Pope Francis and a holy, humble break from tradition

Columnist

Over the past two weeks, with one act of humility after another, Pope Francis has proven he’s willing to break with tradition.

Just after being named the new pontiff, he asked the faithful to pray for him, rather than the other way around. He’s refused to stand on the customary platform above other archbishops and dressed himself in simpler vestments than his predecessors. He’s made a practice of shunning the rich trappings of the position, from paying his own hotel bill to opting out of the palatial apartment popes have lived in for a century in favor of simpler digs.

Jena McGregor writes a daily column analyzing leadership in the news for the Washington Post’s On Leadership section. View Archive

Many of these acts send a signal about who Jorge Mario Bergoglio is and what reforms he thinks the Catholic Church’s leadership needs to make. He’s making a point of continuing the humble lifestyle he lived in Argentina (where he was known to take the subway and fly coach) and showing how the Church’s bureaucracy has become too wrapped in clerical privilege.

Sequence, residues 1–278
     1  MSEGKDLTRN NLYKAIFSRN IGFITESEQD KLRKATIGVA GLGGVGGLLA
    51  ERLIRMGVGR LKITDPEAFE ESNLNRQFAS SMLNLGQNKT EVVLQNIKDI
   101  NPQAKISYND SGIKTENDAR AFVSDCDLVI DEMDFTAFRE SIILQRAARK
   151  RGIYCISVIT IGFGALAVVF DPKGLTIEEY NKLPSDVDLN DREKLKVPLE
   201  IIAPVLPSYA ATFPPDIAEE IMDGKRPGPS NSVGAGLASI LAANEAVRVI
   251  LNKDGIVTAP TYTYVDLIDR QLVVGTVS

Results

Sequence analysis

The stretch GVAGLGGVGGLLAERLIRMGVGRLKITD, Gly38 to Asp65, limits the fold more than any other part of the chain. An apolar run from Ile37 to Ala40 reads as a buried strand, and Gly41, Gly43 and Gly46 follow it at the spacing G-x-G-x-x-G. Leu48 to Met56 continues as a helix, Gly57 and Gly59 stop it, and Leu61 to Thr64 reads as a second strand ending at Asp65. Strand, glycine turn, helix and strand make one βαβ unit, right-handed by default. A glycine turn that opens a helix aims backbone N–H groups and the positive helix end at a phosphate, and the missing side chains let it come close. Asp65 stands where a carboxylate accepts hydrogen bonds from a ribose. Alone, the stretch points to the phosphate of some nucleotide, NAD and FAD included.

But an act of Pope Francis’s on Thursday perhaps says the most about his humility. Taking part in a tradition of Christianity’s holy week that reenacts the humble gesture Jesus made toward his 12 disciples before the Last Supper, Francis washed the feet of 12 people. What was unusual, however, was that he did not wash the feet of priests or even lay men, as have his predecessors, and he did not do it within the hallowed walls of a Roman basilica. Rather, he washed the feet of 12 juvenile prisoners at the Casal del Marmo Penitentiary Institute for Minors. Two of the young people were women and one was a Muslim, marking the first time a pope had included either group in the ceremony.

The move to kiss the feet of women has some religious experts expecting controversy, saying the pope’s action could “set a questionable example.” Meanwhile, those who hope it’s a sign that he will consider ordaining women as priests may be disappointed. The Associated Press reports that in his 2011 book, he voiced support for the theological underpinnings of excluding women from the priesthood.

Still, the pope’s latest convention-busting move at the very least shows an interest in greater inclusivity. It reveals Francis to be a leader who is not merely humble, but courageously willing to reach beyond the Church in new ways. Thursday’s breach of established ritual may have been his most significant break from tradition so far. My guess is it won’t be his last.

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